One day, a client came to my office for help. He was accompanied by his wife, who told me that her husband, who was a Cigar manufacturer in Cuba, had lost all of his family savings in a business venture in New Jersey. They wanted me negotiate with the ATF (Bureau of Alcohol, Tobacco & Firearms) the acquisition of a license to legalize their business of selling tobacco products.
What had happened was that the client, who had arrived from Cuba a couple of years before, rented a store to conduct business in his specialty: buying tobacco leaves and wrapping them in the form of cigars. He formed a corporation on his own. He then contacted a local accountant (not a CPA) to help him file the state returns, obtain a Federal Tax Identification number (TIN) and to open a tax account with the State Division of Taxation. He then entered into a written lease with his Landlord.
A few weeks after opening his door to the public, the federal agents closed his business. He had not obtained a license from the Bureau of Alcohol, Tobacco and Firearms!!! The federal agents were very nice to him and did not pursue any criminal charges. Of course, however, they had no choice but to stop him from continuing with his tobacco sales until the client obtained the required federal licenses. As it occurred, the man was so distraught with the entire ordeal that he abandoned the business.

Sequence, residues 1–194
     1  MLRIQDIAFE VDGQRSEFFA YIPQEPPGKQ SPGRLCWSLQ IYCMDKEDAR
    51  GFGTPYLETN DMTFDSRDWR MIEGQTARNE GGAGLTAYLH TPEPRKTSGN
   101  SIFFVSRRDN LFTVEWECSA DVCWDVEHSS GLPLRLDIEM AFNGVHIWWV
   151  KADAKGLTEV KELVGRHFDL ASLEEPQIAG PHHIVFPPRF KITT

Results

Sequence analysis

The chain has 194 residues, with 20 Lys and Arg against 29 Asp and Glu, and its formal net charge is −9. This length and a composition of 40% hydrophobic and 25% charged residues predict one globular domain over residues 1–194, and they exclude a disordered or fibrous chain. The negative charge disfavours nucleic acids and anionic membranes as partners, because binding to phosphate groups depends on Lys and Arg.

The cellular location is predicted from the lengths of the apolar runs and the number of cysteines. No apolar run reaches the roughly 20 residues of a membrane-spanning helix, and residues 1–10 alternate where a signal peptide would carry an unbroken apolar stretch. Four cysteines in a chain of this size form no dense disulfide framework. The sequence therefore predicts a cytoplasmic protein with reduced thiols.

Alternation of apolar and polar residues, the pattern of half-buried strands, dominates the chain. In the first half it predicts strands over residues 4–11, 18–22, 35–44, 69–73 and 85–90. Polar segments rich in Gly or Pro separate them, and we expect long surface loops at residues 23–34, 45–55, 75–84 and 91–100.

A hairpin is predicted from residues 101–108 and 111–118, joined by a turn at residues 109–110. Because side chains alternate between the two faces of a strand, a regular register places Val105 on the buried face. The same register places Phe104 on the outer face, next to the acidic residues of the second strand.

Which brings us into the topic of business closings.
It could be possible that at the start of the industrial revolution opening an establishment by any merchant was a matter merely opening the doors to the public and… presto!!! Everything else would take care of its own with minimal government intervention. Not anymore. To begin with, some type of government license–municipal, state or federal, or all of them- is usually required to open a business. Some municipalities may require a Certificate of Occupancy inspection prior to the business closing. A TIN number should be obtained and a tax account must be set up with the New Jersey Division of Taxation.